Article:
House Review: Meeting Martha M. Masters
I liked everything about this episode of House, except the end.
Amber Tamblyn made a solid debut on "Office Politics," as her overly ethical Martha M. Masters could have felt like a rip-off of Cameron, except she has the added bonus of being a genius. She seems like the ideal foil for House, someone smart enough to keep up with his brain, yet honest enough to, well, keep him honest. Or at least attempt to.
It might get old to some, but I never tire of House's rationale for misleading patients and doing what he knows to be right. Example from this episode: calling Masters out for lying when it doesn't matter (to her grandmother over a present) and not lying when it does (to save a man's life). Good stuff.
Once Martha officially got the job, she expressed subtle excitement for coming back to work for this unusual, intelligent man. I feel the same way about her addition to the show.
I'm also a big fan of Jack Coleman, aka The Only Good Thing About Heroes on Seasons Two Through Four of That Failed NBC Drama. He was fun to watch as the political consultant patient of the week, and I can't be the only one hoping he gets a regular gig on some series in the future, can I?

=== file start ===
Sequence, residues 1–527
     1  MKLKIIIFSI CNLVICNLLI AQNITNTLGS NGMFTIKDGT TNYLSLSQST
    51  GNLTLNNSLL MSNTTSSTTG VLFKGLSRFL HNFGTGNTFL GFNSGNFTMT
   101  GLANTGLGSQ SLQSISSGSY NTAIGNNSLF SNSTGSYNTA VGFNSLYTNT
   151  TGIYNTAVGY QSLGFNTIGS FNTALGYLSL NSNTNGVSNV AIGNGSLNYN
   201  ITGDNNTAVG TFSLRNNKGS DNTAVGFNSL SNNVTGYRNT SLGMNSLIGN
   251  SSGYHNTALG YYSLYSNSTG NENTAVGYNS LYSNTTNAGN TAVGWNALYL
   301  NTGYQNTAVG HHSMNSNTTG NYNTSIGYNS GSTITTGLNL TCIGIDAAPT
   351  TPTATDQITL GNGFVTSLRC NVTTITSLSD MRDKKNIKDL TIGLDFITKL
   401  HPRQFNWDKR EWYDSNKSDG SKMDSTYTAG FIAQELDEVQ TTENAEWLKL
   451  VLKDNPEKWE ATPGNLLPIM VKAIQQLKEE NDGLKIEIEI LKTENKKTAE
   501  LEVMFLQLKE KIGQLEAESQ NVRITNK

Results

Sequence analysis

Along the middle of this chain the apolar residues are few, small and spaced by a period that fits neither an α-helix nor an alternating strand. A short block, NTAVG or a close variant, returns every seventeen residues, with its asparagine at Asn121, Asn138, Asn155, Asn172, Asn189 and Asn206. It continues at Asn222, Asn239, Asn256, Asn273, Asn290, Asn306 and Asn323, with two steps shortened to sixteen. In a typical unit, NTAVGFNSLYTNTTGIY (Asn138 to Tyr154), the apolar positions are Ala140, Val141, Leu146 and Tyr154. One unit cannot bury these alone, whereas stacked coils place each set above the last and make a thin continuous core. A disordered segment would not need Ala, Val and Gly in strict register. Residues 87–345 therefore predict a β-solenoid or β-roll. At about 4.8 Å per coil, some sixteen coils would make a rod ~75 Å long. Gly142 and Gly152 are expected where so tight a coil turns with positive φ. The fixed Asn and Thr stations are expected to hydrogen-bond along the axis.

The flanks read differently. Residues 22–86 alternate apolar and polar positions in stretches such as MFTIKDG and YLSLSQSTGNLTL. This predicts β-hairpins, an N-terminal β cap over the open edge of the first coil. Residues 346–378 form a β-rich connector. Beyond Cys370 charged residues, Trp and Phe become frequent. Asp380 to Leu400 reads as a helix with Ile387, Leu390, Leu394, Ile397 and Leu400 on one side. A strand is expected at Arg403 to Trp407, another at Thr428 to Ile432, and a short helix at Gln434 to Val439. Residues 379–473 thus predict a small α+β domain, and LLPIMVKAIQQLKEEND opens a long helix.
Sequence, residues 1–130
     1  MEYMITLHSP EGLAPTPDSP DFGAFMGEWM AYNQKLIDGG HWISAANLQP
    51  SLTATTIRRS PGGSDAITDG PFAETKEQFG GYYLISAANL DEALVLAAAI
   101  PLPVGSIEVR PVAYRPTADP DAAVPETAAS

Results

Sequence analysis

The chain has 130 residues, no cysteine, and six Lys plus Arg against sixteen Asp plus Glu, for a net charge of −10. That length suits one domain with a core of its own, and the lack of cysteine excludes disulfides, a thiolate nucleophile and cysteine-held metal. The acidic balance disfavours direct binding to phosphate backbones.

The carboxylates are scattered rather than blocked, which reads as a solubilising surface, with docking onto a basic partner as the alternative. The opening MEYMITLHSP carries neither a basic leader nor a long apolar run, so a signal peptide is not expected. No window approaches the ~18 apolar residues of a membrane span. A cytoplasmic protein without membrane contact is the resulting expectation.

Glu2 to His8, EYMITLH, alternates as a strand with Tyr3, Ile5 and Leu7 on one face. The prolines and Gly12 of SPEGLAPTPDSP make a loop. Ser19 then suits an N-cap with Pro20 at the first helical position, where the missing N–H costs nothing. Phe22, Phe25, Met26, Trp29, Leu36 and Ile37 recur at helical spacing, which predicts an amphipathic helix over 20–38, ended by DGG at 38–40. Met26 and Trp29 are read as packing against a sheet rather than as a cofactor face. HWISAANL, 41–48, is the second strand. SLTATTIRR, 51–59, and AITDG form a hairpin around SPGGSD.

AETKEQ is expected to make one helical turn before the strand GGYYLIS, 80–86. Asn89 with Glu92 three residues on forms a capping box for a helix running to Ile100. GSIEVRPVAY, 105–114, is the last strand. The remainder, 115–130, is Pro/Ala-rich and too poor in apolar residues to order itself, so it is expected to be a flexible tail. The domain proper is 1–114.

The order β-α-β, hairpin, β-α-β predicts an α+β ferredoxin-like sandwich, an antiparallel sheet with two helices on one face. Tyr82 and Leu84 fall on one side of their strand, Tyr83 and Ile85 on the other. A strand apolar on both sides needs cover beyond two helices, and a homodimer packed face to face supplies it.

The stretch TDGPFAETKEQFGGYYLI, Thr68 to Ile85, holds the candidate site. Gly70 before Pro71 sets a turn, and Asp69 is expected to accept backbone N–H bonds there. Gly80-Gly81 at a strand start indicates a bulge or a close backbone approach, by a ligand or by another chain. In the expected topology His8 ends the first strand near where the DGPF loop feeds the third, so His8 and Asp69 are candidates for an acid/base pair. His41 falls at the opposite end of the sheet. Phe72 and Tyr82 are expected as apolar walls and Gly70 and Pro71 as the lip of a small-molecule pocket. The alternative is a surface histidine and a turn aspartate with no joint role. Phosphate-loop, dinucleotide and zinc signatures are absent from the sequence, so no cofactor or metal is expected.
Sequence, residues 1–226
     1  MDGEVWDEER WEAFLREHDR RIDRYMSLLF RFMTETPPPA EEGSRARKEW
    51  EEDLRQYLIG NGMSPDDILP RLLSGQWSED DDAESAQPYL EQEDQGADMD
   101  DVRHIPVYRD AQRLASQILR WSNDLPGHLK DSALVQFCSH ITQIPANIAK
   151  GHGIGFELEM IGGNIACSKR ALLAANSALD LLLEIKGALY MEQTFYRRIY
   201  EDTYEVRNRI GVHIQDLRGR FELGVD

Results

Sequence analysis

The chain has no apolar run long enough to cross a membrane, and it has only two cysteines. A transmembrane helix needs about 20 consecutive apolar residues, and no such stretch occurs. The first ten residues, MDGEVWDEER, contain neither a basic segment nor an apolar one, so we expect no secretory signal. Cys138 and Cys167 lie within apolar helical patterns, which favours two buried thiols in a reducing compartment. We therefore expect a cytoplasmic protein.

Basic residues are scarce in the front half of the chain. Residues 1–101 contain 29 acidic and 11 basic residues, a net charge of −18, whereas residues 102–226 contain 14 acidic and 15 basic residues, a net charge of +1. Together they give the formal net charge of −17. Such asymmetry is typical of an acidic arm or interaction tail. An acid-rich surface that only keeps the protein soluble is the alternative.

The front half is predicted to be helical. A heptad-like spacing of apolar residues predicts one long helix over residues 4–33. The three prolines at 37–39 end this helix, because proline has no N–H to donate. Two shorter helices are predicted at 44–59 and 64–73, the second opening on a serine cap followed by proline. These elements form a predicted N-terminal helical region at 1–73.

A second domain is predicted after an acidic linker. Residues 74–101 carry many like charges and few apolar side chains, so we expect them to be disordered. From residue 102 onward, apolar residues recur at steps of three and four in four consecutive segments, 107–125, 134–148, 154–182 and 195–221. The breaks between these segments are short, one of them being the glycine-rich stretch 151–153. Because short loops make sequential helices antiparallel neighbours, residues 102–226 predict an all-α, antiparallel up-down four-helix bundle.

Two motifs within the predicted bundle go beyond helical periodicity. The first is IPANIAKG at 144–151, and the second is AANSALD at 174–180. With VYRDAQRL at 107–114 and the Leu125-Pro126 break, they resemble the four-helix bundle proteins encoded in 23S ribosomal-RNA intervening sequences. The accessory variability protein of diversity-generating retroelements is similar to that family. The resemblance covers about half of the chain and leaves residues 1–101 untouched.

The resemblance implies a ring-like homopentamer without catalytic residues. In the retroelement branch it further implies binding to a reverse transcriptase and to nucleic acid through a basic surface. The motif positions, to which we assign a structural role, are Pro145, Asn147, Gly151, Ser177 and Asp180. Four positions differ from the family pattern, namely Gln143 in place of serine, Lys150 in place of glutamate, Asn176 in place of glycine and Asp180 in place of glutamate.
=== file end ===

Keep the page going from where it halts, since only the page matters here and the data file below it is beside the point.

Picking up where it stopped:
Can't you just imagine him as a grizzled detective of some kind?
Even Taub kept my interest for a week, as his storyline gave Foreman a few funny lines - and a nearly embarrassing defeat at basketball. It was the most entertaining House's underlings have been in awhile.
So that brings me to the conclusion of the hour. First, I was disappointed that we needed to even spend a minute on Huddy drama. It would have been okay to just accept these two as a happy couple for an episode.
But more importantly, I don't buy the idea that Cuddy would be so distressed by action's fabrication of that positive test. Is she really surprised that he'd do such a thing? Isn't this the man she hired and keeps on staff because his occasionally illegal actions get results? And didn't she tell him when they started dating that she doesn't want him to change?
Compared to past actions, what House did wasn't even that far-fetched or immoral. If Cuddy gets angry at House as his boss, I'll be okay with this development. But if his lying at work becomes an issue in their personal relationship, it won't feel like anything other than a contrived obstacle because the writers feel a need to shake this pairing up.
Do you agree? Does this feel like a legitimate reason for Cuddy to have beef with House? Or a desperate attempt to create drama? Browse through our section of House quotes and sound off now.